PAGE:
Hayder Al-Hatemi is freed from detention and becomes a momentary bright spot in the gloom that asylum seekers face in Finland

by , under Enrique Tessieri

Some stories that Migrant Tales has published about asylum seekers in Finland have had tragic endings.  On Wednesday, however, there was a bright spot that cut through some of the gloom: Hayder Al-Hatemi, alias “SH,”* was released from detention from Helsinki’s Metsälä immigration removal center.

Today was his first full day as a free man.

“It really feels great to be free,” he said by phone. “I met Miro [del Gaudio] and we went to Migri [Finnish Immigration Service] to renew my work permit.”

Al-Hatemi said that being locked up at an immigration removal center like Metsälä is something he had never experienced in his life before.

“You are locked up with other people who may have criminal records and be drug dealers,” he continued. “What is my crime? Is it because my application for asylum was rejected? I’m not a criminal.”

Al-Hatemi said that his employer at a bakery in Laitila has promised to help him enroll in school so he could learn a new profession and become a baker. “This is such a nice feeling and so many people have helped me and made my freedom a reality,” he said.

Celebrating Hayder Al-Hatemi release Wednesday in Helsinki. From left to right: Eero Pellikka, Al-Hatemi, and Miro del Gaudio.

Al-Hatemi’s legal representatives, Lex Gaudius, have been instrumental in helping the Iraqi asylum seeker.

Lex Gaudius authorized lawyer Eero Pellikka was happy as well about his release.

“This is great news and very rewarding,” he said. “Fortunately he’s not the only case. There are many other asylum seekers who have been detained and released [later from detention].”

Even if Al-Hatemi avoided being deported to Iraq, he now faces a new hurdle in renewing his work permit. Before his detention on January 6, the Iraqi asylum seeker had been working at a bakery in Laitila in southwestern Finland since November 10.

Pellikka said that deporting Haider would have been unfortunate since he is an active person who has found work, speaks English fluently and has learned Finnish.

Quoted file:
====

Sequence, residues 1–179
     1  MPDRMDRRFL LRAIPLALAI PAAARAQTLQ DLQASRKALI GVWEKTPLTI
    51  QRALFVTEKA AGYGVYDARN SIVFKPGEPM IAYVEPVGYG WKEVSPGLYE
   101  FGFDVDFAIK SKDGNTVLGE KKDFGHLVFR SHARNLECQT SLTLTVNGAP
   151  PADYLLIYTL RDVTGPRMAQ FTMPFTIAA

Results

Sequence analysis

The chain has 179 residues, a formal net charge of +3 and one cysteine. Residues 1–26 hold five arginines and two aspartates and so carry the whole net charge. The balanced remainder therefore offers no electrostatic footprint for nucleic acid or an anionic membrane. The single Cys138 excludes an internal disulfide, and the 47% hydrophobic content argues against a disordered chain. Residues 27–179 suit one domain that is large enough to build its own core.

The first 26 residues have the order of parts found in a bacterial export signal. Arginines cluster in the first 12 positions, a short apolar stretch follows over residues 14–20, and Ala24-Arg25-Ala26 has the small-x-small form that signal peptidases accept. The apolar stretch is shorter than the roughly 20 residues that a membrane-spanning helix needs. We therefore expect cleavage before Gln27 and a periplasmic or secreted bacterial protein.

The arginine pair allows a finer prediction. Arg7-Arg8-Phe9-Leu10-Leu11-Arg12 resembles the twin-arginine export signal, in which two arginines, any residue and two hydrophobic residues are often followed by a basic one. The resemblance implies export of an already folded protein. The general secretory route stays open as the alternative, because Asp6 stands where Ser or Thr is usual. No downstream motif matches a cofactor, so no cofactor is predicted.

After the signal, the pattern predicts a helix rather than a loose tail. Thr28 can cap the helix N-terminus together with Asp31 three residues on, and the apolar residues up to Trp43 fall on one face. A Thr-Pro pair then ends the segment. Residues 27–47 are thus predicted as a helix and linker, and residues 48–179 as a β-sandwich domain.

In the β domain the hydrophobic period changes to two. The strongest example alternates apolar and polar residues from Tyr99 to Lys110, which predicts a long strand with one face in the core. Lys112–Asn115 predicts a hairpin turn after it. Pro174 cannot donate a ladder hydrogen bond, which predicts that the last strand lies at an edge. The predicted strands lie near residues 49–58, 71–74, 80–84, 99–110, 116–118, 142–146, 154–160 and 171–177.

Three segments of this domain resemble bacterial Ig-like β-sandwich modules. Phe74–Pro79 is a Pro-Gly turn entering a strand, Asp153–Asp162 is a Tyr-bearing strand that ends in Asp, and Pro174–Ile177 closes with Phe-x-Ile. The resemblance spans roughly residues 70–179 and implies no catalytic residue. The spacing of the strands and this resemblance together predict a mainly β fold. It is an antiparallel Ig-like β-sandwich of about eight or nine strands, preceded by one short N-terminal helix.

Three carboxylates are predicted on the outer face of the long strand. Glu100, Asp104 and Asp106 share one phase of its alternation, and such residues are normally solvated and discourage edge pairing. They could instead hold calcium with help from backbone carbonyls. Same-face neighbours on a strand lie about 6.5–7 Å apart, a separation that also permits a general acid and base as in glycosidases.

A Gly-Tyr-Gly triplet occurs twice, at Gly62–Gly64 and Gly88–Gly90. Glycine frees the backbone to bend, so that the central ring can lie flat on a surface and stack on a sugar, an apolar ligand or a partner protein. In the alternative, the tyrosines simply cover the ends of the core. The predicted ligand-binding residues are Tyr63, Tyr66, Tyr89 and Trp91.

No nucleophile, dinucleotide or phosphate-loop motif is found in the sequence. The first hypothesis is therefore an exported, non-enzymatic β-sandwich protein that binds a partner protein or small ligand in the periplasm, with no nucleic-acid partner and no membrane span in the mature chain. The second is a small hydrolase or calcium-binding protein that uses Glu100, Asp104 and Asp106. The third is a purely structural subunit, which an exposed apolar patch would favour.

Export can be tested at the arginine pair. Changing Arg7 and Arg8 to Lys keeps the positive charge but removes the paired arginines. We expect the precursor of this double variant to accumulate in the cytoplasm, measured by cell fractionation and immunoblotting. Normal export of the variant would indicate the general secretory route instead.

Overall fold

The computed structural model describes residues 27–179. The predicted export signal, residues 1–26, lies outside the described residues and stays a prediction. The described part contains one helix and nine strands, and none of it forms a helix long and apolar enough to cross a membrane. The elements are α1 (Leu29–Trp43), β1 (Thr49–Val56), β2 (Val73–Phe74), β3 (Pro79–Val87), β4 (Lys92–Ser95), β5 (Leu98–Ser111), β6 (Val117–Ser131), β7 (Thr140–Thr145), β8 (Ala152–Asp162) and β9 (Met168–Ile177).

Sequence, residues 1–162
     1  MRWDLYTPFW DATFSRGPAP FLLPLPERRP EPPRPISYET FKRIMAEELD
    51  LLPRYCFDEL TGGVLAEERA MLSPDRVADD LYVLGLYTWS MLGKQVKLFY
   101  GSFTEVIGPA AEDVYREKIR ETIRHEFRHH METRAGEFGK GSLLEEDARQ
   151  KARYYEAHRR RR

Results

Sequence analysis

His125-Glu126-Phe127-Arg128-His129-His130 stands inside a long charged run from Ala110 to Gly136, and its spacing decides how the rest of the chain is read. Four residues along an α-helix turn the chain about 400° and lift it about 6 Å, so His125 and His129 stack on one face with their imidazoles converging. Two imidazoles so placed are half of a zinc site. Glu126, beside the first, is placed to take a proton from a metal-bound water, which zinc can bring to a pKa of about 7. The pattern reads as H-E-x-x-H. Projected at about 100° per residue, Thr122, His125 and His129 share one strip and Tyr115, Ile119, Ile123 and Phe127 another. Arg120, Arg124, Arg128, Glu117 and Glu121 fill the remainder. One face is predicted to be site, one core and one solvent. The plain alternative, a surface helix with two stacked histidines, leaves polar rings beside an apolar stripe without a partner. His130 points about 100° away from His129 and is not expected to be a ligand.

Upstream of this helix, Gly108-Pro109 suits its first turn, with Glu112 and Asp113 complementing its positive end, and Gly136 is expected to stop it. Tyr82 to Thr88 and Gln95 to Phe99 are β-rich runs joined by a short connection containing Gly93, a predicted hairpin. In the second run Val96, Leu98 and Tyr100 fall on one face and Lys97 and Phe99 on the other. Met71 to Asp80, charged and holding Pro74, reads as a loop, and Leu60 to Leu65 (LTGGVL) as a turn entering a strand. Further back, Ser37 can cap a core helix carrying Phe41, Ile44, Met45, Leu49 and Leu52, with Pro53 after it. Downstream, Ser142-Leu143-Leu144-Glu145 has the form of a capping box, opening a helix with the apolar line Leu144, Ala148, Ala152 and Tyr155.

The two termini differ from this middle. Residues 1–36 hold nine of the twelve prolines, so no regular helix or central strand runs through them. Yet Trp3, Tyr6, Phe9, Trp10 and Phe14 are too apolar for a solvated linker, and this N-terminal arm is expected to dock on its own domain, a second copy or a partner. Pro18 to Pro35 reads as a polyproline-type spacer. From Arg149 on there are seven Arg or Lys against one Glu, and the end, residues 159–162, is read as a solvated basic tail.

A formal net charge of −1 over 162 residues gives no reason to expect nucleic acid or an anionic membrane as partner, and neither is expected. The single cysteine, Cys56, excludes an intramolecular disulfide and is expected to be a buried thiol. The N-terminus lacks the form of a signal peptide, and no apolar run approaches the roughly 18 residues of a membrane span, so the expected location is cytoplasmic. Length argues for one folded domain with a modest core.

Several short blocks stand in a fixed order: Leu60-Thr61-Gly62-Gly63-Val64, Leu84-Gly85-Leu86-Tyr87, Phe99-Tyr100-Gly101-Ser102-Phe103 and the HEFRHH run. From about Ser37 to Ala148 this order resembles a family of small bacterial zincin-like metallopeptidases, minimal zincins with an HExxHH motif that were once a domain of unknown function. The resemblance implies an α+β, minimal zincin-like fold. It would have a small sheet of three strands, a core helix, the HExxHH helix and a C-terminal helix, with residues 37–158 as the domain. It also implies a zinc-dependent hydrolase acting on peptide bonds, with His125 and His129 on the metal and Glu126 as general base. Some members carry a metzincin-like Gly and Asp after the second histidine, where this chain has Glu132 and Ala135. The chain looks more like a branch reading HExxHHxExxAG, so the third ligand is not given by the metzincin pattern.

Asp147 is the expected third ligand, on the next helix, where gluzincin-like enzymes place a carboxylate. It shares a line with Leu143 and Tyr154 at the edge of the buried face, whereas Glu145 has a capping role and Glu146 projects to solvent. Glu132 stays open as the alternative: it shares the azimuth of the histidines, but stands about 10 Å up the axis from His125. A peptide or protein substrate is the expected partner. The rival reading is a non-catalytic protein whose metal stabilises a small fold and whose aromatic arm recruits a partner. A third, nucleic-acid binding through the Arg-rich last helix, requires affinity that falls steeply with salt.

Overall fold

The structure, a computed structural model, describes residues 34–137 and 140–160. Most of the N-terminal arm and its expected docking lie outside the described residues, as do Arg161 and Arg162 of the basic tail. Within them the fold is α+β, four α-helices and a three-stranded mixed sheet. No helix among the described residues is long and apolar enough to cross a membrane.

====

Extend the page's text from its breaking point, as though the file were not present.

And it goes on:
Miro del Gaudio, an Italian-Finnish lawyer, does a lot of work with Pellikka in giving legal counsel to asylum seekers in Finland.

Al-Hatemi and Del Gaudio were all smiles on Wednesday after the Iraqi asylum seeker’s release from detention.

“Individualism has become the new normal [in Finland],” he said. “Asylum seekers aren’t the only ones who need help today but many Finns as well.”

Del Gaudio said that his Italian and his Finnish background have helped him to understand people who come from outside Europe.

“[Part of ] my origins are from Naples, a city full of different cultures from all over the world,” he added.

Del Gaudio believes that Finland has to live up to its reputation as a country that respects and defends human rights.

“As a Finn, I want to proudly say that Finland has always been a forerunner and visionary in respecting human rights and developing such rights,” he continued. “The political leaders of today are not acting in conformity with our reputation worldwide. I hope that Finland and Finns will take a leading role [again] as defenders of human rights.”

“Now is the time to get involved because there is an opportunity to do something about the situation,” Del Gaudio concluded.

* As a general policy, Migrant Tales doesn’t publish the name of an asylum seeker for fear that it may put him or her in harm’s way. However, in Hayder Al-Hatemi’s case, we make an exception since his name has been published widely in the Finnish media. 

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